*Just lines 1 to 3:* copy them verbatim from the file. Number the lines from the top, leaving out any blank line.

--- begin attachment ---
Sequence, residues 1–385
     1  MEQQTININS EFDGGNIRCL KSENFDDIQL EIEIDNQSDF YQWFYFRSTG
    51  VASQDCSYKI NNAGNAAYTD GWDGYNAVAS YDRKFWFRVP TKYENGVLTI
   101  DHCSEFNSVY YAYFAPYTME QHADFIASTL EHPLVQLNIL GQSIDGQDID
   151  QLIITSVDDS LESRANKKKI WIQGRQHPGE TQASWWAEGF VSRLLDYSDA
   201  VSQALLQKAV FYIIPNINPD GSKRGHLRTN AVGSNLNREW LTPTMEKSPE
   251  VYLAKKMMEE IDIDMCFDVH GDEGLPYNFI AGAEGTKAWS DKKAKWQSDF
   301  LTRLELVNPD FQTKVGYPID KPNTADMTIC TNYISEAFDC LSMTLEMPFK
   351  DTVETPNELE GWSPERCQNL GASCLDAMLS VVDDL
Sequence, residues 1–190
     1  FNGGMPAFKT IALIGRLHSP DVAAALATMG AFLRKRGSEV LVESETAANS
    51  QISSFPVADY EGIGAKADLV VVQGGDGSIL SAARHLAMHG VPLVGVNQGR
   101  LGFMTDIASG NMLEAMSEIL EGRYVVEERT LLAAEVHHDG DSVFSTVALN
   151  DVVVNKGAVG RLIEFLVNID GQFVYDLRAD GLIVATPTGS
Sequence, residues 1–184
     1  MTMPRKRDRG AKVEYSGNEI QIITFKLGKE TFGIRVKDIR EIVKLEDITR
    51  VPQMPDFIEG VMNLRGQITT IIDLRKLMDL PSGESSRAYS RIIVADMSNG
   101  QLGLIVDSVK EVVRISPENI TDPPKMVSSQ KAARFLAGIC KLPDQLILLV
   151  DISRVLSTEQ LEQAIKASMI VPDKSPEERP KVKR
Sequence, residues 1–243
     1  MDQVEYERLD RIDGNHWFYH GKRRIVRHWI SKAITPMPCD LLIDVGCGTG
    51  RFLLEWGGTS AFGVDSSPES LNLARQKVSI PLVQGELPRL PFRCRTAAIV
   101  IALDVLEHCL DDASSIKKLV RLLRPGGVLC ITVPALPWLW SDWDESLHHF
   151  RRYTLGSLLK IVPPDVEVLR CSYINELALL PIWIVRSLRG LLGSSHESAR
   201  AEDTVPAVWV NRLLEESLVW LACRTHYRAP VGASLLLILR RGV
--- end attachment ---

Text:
Sequence, residues 1–385
     1  MEQQTININS EFDGGNIRCL KSENFDDIQL EIEIDNQSDF YQWFYFRSTG
    51  VASQDCSYKI NNAGNAAYTD GWDGYNAVAS YDRKFWFRVP TKYENGVLTI